There is order in the chaos, though it’s very hard to see.
The design is flowing through us – within you and within me.
From the vastness of the atom to the leaves upon the tree,
The Designer’s Plan is plainly there for all who truly wish to see.
Call it Magic, Math, or Science; call it divine mystery.
All names are lost within the great tide of eternity.
We are falling, we are falling – in and out, afire and free.
Calling out yet to be heard, the Universe, adrift at sea.
There is a time, there is a space, there is a guiding light we see.
In our ignorance we boast that we found electricity.
But the Master Artist weighs and see and paints with what is true.
And the pattern will be lost unless we take a step back, too.
The winter twilight had painted the snowy hills a murky mauve. The wind rustled through the branches of the pines. Across the highway, a lone Christmas tree gleamed, the only colour left in the darkening world.
Grace stood panting at the top of the hill, sled in hand. Her brother and sister had abandoned her out here in the cold and had gone back inside, lured by the smell of the turkey dinner. Her mother had not yet come out to collect her. She probably hasn’t even noticed, she thought. I’m always the last one she thinks of.
Tired, she flopped to her knees in the snow and absently sucked on the little snowballs stuck to her mittens. She’d wanted her siblings to help her build a ramp for the sled. It was perfect packing snow and she was sure that with the right momentum and angle of approach they could get some serious air. I wonder, she thought, what would happen if I never went back inside? I wouldn’t get to open my gifts…but then, they’re probably all socks anyway. She doubted her parents were going to give her the chemistry set she’d asked for. Little girls aren’t supposed to play with acid, her father kept telling her. Sheesh. How was she supposed to prove her theories without the right equipment?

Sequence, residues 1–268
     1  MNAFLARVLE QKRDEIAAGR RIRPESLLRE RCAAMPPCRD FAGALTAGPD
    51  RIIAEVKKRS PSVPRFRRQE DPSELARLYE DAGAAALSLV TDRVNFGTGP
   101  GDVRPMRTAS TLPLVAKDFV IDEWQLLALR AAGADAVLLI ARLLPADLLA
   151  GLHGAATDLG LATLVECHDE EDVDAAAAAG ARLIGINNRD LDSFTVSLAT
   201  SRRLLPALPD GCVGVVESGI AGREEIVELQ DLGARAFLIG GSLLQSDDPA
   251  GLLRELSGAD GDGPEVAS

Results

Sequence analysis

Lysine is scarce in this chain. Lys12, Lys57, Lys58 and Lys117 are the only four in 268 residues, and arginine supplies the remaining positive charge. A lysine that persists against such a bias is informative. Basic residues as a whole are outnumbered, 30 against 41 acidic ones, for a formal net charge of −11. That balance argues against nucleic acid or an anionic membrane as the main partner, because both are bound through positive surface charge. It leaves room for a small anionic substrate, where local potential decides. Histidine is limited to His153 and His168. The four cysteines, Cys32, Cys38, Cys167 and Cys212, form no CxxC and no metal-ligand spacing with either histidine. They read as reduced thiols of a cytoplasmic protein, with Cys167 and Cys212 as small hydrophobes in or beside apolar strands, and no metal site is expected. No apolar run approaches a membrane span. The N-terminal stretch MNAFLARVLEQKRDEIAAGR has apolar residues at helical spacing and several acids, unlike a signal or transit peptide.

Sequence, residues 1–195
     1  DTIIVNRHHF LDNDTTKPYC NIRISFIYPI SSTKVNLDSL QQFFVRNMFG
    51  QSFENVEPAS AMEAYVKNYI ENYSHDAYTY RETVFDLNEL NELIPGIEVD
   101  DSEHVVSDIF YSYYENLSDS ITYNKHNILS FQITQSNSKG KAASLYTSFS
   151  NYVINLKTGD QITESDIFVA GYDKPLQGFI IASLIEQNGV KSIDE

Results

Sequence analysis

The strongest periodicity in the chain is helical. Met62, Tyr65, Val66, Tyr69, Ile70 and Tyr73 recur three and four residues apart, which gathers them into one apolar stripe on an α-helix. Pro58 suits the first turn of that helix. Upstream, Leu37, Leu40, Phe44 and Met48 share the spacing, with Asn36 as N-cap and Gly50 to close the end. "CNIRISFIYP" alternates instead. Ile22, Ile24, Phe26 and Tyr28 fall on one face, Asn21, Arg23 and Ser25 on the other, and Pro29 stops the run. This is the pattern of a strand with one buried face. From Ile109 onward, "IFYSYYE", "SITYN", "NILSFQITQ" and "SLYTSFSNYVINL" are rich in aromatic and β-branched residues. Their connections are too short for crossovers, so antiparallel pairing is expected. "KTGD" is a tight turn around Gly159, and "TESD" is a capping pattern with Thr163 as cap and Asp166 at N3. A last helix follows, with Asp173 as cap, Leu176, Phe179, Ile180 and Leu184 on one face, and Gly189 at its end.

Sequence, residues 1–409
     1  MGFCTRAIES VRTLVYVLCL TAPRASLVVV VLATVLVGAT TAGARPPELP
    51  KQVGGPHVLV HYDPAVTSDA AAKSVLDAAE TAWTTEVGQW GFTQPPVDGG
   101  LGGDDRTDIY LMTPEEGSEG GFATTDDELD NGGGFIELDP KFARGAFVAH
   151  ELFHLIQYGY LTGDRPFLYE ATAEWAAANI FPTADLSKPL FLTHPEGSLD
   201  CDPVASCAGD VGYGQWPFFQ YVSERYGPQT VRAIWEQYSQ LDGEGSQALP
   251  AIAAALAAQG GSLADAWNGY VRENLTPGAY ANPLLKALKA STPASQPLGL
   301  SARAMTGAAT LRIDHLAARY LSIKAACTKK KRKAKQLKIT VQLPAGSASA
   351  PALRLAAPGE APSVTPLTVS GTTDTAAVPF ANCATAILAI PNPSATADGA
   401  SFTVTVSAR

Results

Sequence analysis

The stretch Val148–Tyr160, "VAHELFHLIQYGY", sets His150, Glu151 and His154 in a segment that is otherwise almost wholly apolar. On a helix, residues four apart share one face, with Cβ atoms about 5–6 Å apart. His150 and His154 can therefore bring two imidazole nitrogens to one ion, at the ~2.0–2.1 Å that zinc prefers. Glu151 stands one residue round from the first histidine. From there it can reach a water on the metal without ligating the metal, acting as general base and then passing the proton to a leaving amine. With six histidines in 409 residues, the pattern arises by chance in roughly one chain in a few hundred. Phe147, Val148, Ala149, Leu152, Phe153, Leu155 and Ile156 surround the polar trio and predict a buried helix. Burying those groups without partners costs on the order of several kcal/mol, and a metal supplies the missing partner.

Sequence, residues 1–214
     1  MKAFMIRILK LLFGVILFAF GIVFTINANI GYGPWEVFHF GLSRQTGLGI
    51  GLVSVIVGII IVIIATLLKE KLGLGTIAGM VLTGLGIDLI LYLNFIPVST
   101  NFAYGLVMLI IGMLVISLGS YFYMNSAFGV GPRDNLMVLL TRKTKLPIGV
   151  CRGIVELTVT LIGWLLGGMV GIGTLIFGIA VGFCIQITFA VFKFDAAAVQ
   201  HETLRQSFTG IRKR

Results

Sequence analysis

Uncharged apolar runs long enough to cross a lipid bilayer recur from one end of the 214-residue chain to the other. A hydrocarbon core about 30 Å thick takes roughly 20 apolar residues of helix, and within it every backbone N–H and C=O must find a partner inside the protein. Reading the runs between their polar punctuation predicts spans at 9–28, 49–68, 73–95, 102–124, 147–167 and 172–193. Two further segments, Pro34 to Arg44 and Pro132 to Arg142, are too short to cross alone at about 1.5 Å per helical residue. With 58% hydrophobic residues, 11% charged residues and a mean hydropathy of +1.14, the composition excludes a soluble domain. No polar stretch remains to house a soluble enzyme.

The red mitten was a beacon; I couldn’t have ignored it. Its crimson softness called out to my peripheral vision like a siren song, a ruby gleaming in the grey November surroundings. It was a solitary, ordinary mitten. Why I was drawn so magnetically to it remains a mystery.
The day was grey and misty and the mitten was spotted by man and dog almost simultaneously. Charlie strained forward on his leash in anticipation of a new found chew toy. I reined him back in, my sixth sense tingling. We were a few miles from the last rest point on the trail – a long walk for the small owner of the mitten. Continue reading